Ultimate interview tipsWho better to ask for interview advice than people who might employ you? Here, sevenuber-bosses share their tips for impressing any prospective employer, including how tocope with tricky questions, big-up your achievements and show why you’re the idealcandidate. Bring on the ammunition you need to get that dream job.Meet the bosses who could make or break your careerSam Baker, 39, editor of Cosmopolitan. She chooses the team that writes, designs, stylesand edits your favourite magazine.Vickie Chamerlain, 30, graduate recruitment manager at law firm Simmons &Simmons. She hunts down the solicitors of the future.Francesca Dow, 42 MD of book publishing company Puffin. She finds people tocommission, produce and sell books.Lee Grace, 29, is menswear buyer at Urban Outfitters. He recruits staff to spot fashiontrends and bring them to the shop floor.Jon Lewis, 29, training and recruitment manager for Pitcher & Piano. He recruits barmanagers for the nationwide pub chain.Kathleen Saxon, 34, director of strategy and planning at Virgin Radio. Her staff plancommercial decisions and new launches.Alex Snelling, 29, recruitment director at L’Oreal. He hires people to develop and marketproducts, as well as finance and logistics staff.Interview Insider #1How should I prepare?Hole up in the library: “Do all the research you can,” says Snelling. “Go on Google, readthe trade press, check out competitors and visit the company’s website.”Play detective: “Find out what customers think and draw a profile of the company fromthat,” urges Grace. “Online chatrooms are a great way to tap into customers. I expectanyone applying to Urban Outfitters to get feel for our shops and see what people arebuying.”Interview Insider #2What should I wear?Go as yourself: “Don’t channel Kate Moss,” says Baker. “A friend of mine once appliedfor an editorial assistant job on a glossy magazine and bought a trendy outfit. After 10minutes, the interviewer said, I’m sorry, I can tell from the way you’re dressed thatyou’re not going to fit in.’ If she’d gone as herself she’d probably have got the job.”SUPER-SMART-ME “Even if you’re going for a position that doesn’t involve wearinga suit, dress up for your interview,” advises Lewis. “If you dress sloppily, people mightassume you’re slack in your work, too.”Interview Insider #3How can I show I’m the best person for the job?Match their requirements: “Show your achievements and experience match the advertisedjob,” says Saxon. “If they want a self-starter, talk about a project you set up and say howit benefited your employer.”
Know what you’re getting into: “It’s commendable to want to help people and achieveworld peace, but that’s not what most jobs are about,” explains Chamberlain. “As a citylawyer, for example, it’s about helping companies do business better. Your interviewerwants you to share that goal.”Say what you’ll bring to the role: “Explain how you’d work with the team and how you’dgenerate new business,” says Dow. “Thinking this through in advance is proof you wantthis job, not any old job.”Interview Insider #4What should I avoid saying?‘I’m black belt in Karate’ “Lies in an interview will haunt you later in your career,” saysChamberlain. “Don’t even feign an interest in a hobby. If you can’t back up your passionfor tightrope-walking or helping the homeless, people will see through you.”‘What’s the salary?’ “It’s a massive turn-off when this is someone’s first thought,”admits Baker. “It’s fine to ask at the end of the interview – we’ve all got to pay the rent –but journalism is the kind of job you do for love, not loot.”‘My last boss was a mentalist’ “Even if your boss ought to be locked up, never be rudeabout a current or previous employer,” warns Saxon. “Instead of saying what a terribletime you had, always be positive by saying what you learnt there.”Interview Insider #5How honest should I be about my past mistakes?It depends what they are… “If you have a history of problems with timekeeping andmotivation, your potential new boss doesn’t want to know,” says Lewis. “See this job as afresh start and put those mistakes behind you once and for all.”Be upfront about your weaknesses: “Everyone has them,” confirms Dow. “If you knowthem, you can overcome them. It’s truly off-putting when people show zero awareness oftheir flaws.”Own up to mistakes: “Plenty of candidates rush application forms and make mistakes,”says Snelling. “Read through your application before your interview so if your boss-to-bebrings up as error you can apologise instead of looking caught out.”Interview Insider #6What’s the best way to talk about my achievements?Act your script, don’t just read: “I can tell when someone is just telling me what theythink I want to hear,” says Lewis. “Putting personality into your list of achievementsmakes your presentation flow. Smile as you talk so you sound keen and proud of whatyou’ve done.”Begging is banned: “Enthusiasm is great but don’t say, ‘I desperately want this job,’because it devalues you,” warns Grace.Interview Insider #7Help! What if I can’t answer the question?Take your time: “Don’t lie, don’t panic, don’t waffle,” advises Baker. “Think about thequestion carefully and if you still don’t know the answer, say so. Then rescue thesituation by saying how you’d find out.”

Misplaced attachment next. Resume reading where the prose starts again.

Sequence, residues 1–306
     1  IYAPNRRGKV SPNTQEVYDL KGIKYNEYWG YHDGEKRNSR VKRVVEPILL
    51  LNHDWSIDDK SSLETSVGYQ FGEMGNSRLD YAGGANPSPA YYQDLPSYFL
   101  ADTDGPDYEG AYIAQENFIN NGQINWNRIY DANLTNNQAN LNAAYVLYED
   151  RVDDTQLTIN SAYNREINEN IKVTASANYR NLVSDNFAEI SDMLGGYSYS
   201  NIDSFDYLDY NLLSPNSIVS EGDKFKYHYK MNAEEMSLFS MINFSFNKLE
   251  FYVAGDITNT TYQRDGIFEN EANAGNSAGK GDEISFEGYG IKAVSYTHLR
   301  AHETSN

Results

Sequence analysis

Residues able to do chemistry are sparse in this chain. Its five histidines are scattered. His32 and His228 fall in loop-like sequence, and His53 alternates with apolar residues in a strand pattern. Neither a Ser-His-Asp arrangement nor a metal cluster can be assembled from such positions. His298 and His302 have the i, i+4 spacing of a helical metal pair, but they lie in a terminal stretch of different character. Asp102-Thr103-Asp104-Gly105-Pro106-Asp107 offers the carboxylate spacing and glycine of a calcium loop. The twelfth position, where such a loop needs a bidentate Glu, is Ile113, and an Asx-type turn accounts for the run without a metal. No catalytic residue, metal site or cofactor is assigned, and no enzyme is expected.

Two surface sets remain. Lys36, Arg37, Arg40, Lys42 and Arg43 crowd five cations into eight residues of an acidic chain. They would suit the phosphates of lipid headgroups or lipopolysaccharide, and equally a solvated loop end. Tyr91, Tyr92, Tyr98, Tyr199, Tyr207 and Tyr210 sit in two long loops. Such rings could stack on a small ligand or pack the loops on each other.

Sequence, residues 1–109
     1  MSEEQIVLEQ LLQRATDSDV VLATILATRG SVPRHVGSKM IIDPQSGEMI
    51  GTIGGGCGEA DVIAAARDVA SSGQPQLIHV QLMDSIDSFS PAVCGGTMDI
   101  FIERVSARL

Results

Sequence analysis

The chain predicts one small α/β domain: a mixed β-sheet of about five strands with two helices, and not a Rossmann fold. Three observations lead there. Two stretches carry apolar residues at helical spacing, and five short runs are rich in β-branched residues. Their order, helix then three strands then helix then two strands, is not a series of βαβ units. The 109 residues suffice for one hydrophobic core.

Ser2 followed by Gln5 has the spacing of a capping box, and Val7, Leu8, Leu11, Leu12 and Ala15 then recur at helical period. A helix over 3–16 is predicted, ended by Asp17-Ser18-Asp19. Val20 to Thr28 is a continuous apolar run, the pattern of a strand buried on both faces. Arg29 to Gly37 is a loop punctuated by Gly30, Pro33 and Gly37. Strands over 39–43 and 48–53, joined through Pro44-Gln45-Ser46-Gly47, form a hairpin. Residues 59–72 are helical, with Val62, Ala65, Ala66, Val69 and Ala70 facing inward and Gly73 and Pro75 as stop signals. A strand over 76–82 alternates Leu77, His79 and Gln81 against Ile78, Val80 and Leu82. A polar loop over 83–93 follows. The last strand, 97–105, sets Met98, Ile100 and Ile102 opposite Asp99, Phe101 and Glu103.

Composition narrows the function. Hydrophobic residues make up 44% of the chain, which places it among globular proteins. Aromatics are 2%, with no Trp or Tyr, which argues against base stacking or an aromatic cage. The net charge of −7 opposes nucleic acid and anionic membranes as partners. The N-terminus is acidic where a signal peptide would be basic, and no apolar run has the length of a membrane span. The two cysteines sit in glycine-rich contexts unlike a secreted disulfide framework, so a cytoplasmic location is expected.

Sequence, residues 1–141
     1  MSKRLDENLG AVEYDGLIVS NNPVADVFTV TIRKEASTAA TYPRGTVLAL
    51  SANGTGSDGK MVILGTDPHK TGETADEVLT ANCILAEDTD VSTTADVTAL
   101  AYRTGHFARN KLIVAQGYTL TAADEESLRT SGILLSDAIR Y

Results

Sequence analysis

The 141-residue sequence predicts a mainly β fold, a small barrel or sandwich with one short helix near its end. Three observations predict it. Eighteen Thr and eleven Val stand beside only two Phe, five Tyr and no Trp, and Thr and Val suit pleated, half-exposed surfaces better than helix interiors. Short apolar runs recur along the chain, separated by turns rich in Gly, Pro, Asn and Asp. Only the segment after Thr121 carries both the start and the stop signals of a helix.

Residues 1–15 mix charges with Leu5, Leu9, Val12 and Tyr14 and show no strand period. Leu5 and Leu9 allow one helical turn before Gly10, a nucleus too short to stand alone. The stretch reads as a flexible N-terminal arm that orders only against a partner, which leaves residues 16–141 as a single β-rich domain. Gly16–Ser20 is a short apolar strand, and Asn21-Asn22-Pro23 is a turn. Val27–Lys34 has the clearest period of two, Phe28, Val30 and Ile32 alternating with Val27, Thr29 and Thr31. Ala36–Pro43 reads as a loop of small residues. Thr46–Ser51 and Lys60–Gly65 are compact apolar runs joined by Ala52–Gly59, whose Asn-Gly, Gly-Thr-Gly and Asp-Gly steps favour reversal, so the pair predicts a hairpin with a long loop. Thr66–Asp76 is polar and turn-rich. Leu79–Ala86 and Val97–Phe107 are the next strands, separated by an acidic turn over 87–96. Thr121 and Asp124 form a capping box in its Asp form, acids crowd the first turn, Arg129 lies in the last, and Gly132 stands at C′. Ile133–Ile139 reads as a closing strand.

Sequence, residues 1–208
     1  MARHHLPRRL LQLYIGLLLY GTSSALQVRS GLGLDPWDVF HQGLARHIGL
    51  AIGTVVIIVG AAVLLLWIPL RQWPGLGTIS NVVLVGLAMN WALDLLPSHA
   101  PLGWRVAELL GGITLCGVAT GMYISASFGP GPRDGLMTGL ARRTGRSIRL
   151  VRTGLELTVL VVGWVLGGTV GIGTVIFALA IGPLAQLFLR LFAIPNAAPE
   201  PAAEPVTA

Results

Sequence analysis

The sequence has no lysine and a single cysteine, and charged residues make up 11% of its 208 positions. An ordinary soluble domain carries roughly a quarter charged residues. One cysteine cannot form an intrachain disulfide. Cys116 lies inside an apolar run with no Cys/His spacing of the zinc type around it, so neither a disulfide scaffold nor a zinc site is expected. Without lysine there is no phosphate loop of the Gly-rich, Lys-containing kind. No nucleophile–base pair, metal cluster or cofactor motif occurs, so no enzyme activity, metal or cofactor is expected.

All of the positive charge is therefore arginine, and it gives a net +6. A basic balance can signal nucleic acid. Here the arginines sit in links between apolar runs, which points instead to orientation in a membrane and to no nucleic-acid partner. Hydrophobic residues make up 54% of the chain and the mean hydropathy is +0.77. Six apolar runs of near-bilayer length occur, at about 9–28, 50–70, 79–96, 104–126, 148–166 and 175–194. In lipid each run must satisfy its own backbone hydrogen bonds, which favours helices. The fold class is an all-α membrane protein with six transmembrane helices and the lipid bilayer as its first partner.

Improvise: “One dirty interviewing tactic is flipping subjects randomly,” says Lewis. “Imight go from talking about the business to asking, ‘If you were a fruit, what would yoube?’ If you have a blank, go with the first answer that pops in your head. Once you’ve saiit, explaining your answer is easier.”Interview Insider #8What’s the most difficult question I could be asked?‘If I rang your colleagues, what would they say about you?’: “Your reaction to this onesays it all,” warns Saxon. “It’s possible your interviewer has researched you like this,though it’s unlikely. They want you to smile and look confident, not worry about theskeletons in your cupboard.”“Give me three ideas about…’: “This one’s for journalists, though any boss could ask fornew ideas for their company,” says Baker. “I pick a subject and ask them to come up withthree Cosmo features around that topic. There’s no right answer, it’s about thinking onyour feet. It should be easy but it really shakes some candidates.”Interview Insider #9After the interview, should I follow up?Only if it went well…: “If there’s a key comment you wished you’d made, send a noteafterwards ,” suggests Dow. “Admittedly, the tactic only works if your interviewer likesyou, but it’s worth taking the gamble.”Yes, but don’t nag – “If you haven’t heard for a week or so it’s OK to send a chasingemail, just resting our interest, but not after two days!” says Baker.